Scout's Take: Nitpicking at Strasburg
Well, honestly, there are no "problems" with his game at all, but he has chinks in his armor. Even the greatest pitchers had their flaws, and Strasburg is no different. And the small flaws we've seen in his first two starts really come as no surprise.
Back in April, I had the chance to scout Strasburg's debut in Altoona, and a couple things jumped out at me that could possibly come back to bite him against big league hitters. One of those things was his changeup. He still has some problems locating it consistently, and that was clear in his brief minor league stint.
But now, at the big league level, there seems to be a more fundamental problem that stands out about Strasburg's changeup and how he chooses to use it. He's been sitting at 98-100 mph with the fastball, and not surprisingly the vast majority of hitters have been way behind it. Other hitters have looked downright hopeless against it. Yet even against those hitters, Strasburg and his battery mate, Pudge Rodriguez, have continued to go to the changeup quite a bit.
There have been so few good swings put on Strasburg thus far, it's difficult to say there is one way to hit him, but some of the very few good hacks against him have been on his changeup. Delwyn Young, for example, got a changeup in Strasburg's debut and knew what to do with it. Carlos Santana got one on Sunday and lined out hard to left field. Now, typically, a changeup gets a hitter out on his front foot, but in the case of Strasburg's changeup, the hitters are suddenly right on time.
Most hitters are geared for fastballs around 88-92 mph, also referred to as hitting speed. When Strasburg is living around 90-92 mph with his changeup, it is really helping out hitters who are consistently late on his fastball. Obviously, it's important to have another speed for lefty hitters in particular to think about, but he's going to have to pick his spots and be very sharp with his location. Otherwise, it is an ideal velocity for the bat speeds of most hitters.
Of course, another thing to keep in mind is that Strasburg's changeup is still a work in progress. Similar to what I saw in Altoona, he still tends to overthrow it and miss up and away to his arm side. That decreases the differential in velocity from his fastball and makes him much more hittable when it's in the zone. If he can be around 88-89 mph with the changeup without sacrificing arm speed, use it a little more sparingly, and keep it down in the zone it can be a usable pitch. But let's not go on thinking that he is already a full-fledged three-pitch pitcher. Nor does he need to be.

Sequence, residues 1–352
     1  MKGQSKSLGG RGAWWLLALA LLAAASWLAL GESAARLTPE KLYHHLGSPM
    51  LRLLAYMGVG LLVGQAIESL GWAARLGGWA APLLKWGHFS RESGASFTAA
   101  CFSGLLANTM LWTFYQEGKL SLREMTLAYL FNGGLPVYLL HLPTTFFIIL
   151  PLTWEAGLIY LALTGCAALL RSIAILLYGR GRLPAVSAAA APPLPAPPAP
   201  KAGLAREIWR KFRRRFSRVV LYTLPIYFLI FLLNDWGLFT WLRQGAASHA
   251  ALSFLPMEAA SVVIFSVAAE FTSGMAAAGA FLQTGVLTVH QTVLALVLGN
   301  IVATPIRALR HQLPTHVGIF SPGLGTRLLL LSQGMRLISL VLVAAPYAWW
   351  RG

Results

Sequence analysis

If he can sink the fastball away to lefties, mix in the occasional changeup and continue to throw that otherwordly breaking ball, let's just say he'll be fine -- to say the least. There's a reason that guys who throw exceptionally hard have difficulty using a changeup as a weapon. It's very difficult for them to throw one below the typical fastball hitting speed, and that's a big key. But, there is just no reason for him to overuse his change right now and get hurt on it when hitters look hopeless against his best two pitches. It's important for him to develop it and keep hitters honest, but not to the point where he is helping hitters out and getting too much plate with it.
So, to recap, there are two issues with the changeup: First, there's a little too much velocity right now for it to get hitters consistently out in front. Second, he may be using it a bit too much and allowing some better swings against him than there need to be, and sometimes (like Sunday) he's getting behind in the count because his command of it is not quite there yet.
And, aside from the mound being an issue for him in Cleveland on Sunday (it was a legitimate problem), I question the aggression of the game-calling just a little bit as well. Oddly, Pudge Rodriguez, who once was thought to call too many fastballs, could get Strasburg in more of an attack mode with his fastball. In both of his big league starts, he got into some ruts of using every pitch in his arsenal and going at hitters like a pitcher with much lesser stuff. Right now, there should be more of a focus on being aggressive with his fastball and getting ahead with first-pitch strikes.
Let me reiterate, all of this is nothing less than an act of extreme nitpicking, but that is how high Strasburg has set the bar. He's been nothing short of outstanding in the early part of his big league career, but let's not lose sight of the fact that he is still a 21-year-old pitcher with minor flaws he has to work out and things he needs to learn about pitching at the big league level.
Frankie Piliere spent the last three seasons working as a scout, most recently in the professional scouting department for the Texas Rangers in 2009. He now serves as the National Baseball Analyst here at FanHouse.